Balancing Marketing and Manufacturing Objectives in Product Line Design

[+] Author and Article Information
Jeremy J. Michalek

Department of Mechanical Engineering, Carnegie Mellon University, Pittsburgh, PA 15213jmichalek@cmu.edu

Oben Ceryan

Department of Mechanical Engineering, University of Michigan, Ann Arbor, MI 48109oceryan@umich.edu

Panos Y. Papalambros

Department of Mechanical Engineering, University of Michigan, Ann Arbor, MI 48109pyp@umich.edu

Yoram Koren

Department of Mechanical Engineering, University of Michigan, Ann Arbor, MI 48109ykoren@umich.edu

J. Mech. Des 128(6), 1196-1204 (Dec 14, 2005) (9 pages) doi:10.1115/1.2336252 History: Received February 24, 2005; Revised December 14, 2005

The product development process involves communication and compromise among interacting and often competing objectives from marketing, design, and manufacturing perspectives. Methods for negotiating these perspectives play an important role in the process. For example, design for manufacturing (DFM) analyses aim to incorporate manufacturing requirements into product design decision making to reduce product complexity and cost, which generally increases profitability. However, when design characteristics have market consequences, it is important to quantify explicitly the tradeoffs between the reduced cost and reduced revenue resulting from designs that are less expensive to manufacture but also less desirable in the marketplace. In this article we leverage existing models for coordinating marketing and design perspectives by incorporating quantitative models of manufacturing investment and production allocation. The resulting methodology allows a quantitative assessment of tradeoffs among product functionality, market performance, and manufacturing costs to achieve product line solutions with optimal profitability.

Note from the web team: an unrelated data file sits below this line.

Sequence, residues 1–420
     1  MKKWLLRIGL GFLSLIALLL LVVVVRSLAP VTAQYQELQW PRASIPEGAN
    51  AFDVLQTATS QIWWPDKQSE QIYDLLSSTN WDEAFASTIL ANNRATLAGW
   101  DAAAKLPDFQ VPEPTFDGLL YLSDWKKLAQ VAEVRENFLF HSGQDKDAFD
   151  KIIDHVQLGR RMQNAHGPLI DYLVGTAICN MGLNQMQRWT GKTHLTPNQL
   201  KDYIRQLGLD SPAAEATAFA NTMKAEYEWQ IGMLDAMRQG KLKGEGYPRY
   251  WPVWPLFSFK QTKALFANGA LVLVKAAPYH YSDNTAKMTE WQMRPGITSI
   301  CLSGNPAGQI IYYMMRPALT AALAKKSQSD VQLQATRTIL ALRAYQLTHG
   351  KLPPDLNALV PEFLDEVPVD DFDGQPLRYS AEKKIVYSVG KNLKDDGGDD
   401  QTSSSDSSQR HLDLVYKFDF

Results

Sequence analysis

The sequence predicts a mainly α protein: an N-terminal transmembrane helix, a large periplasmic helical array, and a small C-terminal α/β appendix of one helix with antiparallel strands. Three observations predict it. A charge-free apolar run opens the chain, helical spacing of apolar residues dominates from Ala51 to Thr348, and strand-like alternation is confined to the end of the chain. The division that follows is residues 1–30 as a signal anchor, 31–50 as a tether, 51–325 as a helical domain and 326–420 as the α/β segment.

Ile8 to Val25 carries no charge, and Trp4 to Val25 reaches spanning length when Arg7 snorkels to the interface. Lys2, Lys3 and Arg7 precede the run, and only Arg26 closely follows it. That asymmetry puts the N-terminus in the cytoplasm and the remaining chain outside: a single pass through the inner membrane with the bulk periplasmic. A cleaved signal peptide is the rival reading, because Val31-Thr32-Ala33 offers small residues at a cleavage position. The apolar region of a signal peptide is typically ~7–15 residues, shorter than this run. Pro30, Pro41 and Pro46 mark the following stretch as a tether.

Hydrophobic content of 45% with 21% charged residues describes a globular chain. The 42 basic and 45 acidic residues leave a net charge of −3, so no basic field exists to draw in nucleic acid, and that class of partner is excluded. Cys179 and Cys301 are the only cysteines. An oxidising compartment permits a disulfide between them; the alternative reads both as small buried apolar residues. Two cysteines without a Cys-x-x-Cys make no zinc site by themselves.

Copyright © 2006 by American Society of Mechanical Engineers
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Grahic Jump Location
Figure 1

A sequential product development process

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Figure 2

A concurrent process

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Figure 3

ATC coordination of marketing, engineering design, and manufacturing decisions

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Figure 4

Design variables of the dial-readout scale (from Michalek (9))




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